BUELLER v. AUGUSTUS-DEBALT

Nos. 113, 2017, 192, 2017.

DEBRA BUELLER, Petitioner Below, Appellant, v. PABLO AUGUSTUS-DEBALT, Respondent Below, Appellee. DEBRA BUELLER, Petitioner Below, Appellant, v. PAUL AUGUSTUS-DEBALT, Respondent Below, Appellee.

Supreme Court of Delaware.

Decided: June 14, 2017.


ORDER

KAREN L. VALIHURA, Justice.

This 14th day of June 2017, having considered the notices to show cause in the above-captioned appeals and the appellant's response, it appears to the Court that:

(1) The above appeals—No. 113, 2017 and No. 192, 2017—are from a Family Court Judge's orders on a petition for protection from abuse ("PFA") and on a related motion for fees and costs. Appeal No. 113, 2017 is from the Judge's February 23, 2017 order affirming a Commissioner's order granting the PFA petition. Appeal No. 192, 2017 is from the Judge's April 6, 2017 order affirming in part and rejecting in part the Commissioner's order on the motion for fees and costs and remanding the matter for further proceedings before the Commissioner. In the interest of judicial economy, the appeals have been consolidated, sua sponte, for decision.

(2) The Clerk issued notices to show cause in both appeals. In appeal No. 192, 2017, the appellant was directed to show cause why the appeal should not be dismissed for her failure to comply with Supreme Court Rule 42 when filing an appeal from an interlocutory order. In appeal No. 113, 2017, the appellant was directed to show cause why the appeal should not be dismissed for her failure to pay required record preparation and transcript fees associated with the appeal.

(3) In appeal No. 192, 2017, the appellant filed a response to the notice to show cause, contending that the April 6 order is a final order and not an interlocutory order. The appellant has not responded to the notice to show cause in appeal No. 113, 2017.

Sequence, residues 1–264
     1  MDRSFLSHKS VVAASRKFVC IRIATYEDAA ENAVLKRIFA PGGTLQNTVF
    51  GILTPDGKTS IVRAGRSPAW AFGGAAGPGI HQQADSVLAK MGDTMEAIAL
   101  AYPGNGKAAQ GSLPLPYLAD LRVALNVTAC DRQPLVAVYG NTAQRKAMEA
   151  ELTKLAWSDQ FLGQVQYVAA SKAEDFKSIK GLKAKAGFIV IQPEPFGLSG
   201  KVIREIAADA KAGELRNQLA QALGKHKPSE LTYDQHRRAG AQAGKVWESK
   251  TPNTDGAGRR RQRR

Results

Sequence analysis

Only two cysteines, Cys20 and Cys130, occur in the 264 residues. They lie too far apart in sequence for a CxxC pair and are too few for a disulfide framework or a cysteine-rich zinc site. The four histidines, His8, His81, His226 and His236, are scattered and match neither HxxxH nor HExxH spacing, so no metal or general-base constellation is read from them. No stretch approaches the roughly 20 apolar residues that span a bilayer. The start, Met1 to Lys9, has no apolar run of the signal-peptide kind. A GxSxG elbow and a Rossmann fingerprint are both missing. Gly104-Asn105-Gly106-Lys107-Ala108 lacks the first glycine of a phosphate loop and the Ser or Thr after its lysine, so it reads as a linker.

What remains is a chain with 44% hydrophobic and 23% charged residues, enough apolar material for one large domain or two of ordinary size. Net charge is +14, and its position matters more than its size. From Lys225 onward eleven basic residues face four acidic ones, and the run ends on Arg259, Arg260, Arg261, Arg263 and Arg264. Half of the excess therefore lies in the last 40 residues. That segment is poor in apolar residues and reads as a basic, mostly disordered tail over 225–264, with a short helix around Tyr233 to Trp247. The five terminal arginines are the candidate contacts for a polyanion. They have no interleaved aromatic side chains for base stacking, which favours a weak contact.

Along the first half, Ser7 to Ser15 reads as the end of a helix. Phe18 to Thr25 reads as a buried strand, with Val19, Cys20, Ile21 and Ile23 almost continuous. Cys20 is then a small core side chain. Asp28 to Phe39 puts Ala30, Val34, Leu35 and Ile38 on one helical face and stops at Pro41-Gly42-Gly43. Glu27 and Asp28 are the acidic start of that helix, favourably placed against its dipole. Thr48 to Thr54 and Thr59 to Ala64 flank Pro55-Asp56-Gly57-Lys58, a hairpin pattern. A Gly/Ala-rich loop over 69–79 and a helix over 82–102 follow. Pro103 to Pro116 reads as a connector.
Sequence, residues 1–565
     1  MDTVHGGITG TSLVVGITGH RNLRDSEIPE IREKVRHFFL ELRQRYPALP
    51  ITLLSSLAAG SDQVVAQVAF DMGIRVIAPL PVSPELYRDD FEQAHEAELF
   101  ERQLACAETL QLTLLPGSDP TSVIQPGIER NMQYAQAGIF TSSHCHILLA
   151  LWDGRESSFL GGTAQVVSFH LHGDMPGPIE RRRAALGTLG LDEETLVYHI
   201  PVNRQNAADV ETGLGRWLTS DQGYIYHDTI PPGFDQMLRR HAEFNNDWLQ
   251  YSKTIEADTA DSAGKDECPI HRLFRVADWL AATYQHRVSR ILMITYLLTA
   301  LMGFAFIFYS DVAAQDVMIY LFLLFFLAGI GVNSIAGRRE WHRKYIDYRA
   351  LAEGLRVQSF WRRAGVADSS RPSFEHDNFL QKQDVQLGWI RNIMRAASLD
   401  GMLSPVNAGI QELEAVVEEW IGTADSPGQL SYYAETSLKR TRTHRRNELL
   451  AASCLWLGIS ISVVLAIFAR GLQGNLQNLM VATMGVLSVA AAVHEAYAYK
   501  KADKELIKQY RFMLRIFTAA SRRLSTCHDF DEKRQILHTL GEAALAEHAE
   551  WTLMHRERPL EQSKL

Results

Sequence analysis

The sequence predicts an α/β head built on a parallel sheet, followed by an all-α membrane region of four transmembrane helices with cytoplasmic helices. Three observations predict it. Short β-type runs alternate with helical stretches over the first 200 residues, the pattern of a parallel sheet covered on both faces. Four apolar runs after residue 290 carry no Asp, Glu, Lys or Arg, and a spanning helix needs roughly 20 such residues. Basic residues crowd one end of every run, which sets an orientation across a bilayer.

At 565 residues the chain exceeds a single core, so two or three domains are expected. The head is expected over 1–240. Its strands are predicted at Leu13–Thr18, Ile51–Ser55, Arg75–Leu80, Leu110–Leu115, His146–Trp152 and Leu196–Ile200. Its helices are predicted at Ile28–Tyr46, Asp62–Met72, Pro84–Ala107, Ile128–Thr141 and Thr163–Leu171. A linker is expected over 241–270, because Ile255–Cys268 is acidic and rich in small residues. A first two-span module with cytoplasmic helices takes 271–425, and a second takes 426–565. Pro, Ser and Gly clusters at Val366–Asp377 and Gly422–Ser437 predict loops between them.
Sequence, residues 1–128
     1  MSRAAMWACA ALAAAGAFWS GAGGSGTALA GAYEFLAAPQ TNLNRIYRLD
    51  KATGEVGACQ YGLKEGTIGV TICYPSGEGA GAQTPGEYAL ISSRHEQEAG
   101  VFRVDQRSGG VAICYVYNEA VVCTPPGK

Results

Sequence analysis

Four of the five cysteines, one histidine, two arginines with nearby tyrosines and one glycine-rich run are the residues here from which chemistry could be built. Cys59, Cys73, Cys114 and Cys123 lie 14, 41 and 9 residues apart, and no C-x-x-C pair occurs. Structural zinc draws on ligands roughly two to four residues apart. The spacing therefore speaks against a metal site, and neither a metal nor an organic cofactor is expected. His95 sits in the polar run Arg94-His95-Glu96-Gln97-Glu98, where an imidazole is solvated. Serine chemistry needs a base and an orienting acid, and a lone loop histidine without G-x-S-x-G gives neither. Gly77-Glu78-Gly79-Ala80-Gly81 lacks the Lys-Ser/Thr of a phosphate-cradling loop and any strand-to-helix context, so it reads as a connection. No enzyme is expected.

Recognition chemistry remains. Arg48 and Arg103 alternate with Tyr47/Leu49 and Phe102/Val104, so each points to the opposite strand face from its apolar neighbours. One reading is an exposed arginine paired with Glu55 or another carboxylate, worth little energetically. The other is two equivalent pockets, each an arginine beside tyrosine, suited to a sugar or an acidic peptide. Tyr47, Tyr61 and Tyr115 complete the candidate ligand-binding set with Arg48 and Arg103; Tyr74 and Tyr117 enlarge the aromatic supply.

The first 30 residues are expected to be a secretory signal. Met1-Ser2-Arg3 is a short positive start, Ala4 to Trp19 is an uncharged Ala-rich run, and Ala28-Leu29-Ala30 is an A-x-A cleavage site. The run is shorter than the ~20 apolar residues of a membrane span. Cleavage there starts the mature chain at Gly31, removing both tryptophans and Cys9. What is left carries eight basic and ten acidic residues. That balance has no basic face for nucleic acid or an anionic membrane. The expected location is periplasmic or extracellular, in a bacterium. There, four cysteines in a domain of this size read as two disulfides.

(4) Absent compliance with Supreme Court Rule 42, this Court is limited to the review of a final judgment.3 An order is deemed final and appealable when it disposes of all justiciable matters.4

(5) In this case, the Court has concluded that these appeals are from non-final interlocutory orders and must be dismissed for the appellant's failure to comply with Rule 42. In appeal No. 113, 2017, the February 23 order was not the final judgment because it did not rule on the pending motion for fees and costs.5 In appeal No. 192, 2017, the April 6 order was not the final judgment because the order remanded the matter to the Commissioner for further proceedings.6

(6) Although the appeals must be dismissed as premature, the appellant's right of appeal from the February 23 and April 6 orders will remain intact pending the issuance of a final order7 by a Family Court Judge8 following the Commissioner's decision on remand.9 When the final order has issued, the appellant may file a new appeal encompassing that order as well as the February 23 and April 6 interlocutory orders.

NOW, THEREFORE, IT IS ORDERED that appeal No. 113, 2017 and appeal No. 192, 2017 are DISMISSED without prejudice to the appellant's right to file a new appeal once a final order is entered in the Family Court.

FootNotes


1. The Court has assigned pseudonyms to the parties. Del. Supr. Ct. R. 7(d).
2. Id.
3. J.I. Kislak Mortg. Corp. v. William Matthews Builder, Inc., 303 A.2d 648, 650 (Del. 1973).
4. Id.
5. Street v. Butler, 2017 WL 991079 (Del. Mar. 13, 2017) (citing Lipson v. Lipson, 799 A.2d 345, 348-49 (Del. 2001)).
6. Id. (citing Pollard v. The Placers, Inc., 692 A.2d 879, 881 (Del. 1997)).
7. Accord Boggs v. Treptor, 2000 WL 1508652 (Del. Sept. 14, 2000) ("Appellant's right of appeal remains intact until the Family Court has disposed of all matters.").
8. This Court's appellate jurisdiction over Family Court civil proceedings is limited to decisions issued by the Judges of the Family Court. See Bailey v. Jackson, 2016 WL 3382340 (Del. June 10, 2016) (citing 10 Del. C. § 1051(a); Redden v. McGill, 549 A.2d 695, 697-98 (Del. 1988)).
9. An order issued by a Commissioner is not a final judgment for purposes of appeal to this Court. Postles v. Div. of Child Support Enforcement, 2001 WL 1293065 (Del. Oct. 17, 2001) (citing Redden v. McGill, 549 A.2d 695 (Del. 1988)). A party's right to appeal from a Commissioner's order is to a Judge of the Family Court. See 10 Del. C. § 915(d) (Supp. 2017) (governing review of Commissioners' orders); Fam. Ct. Civ. R. 53.1 (governing appeals from Commissioners' orders).

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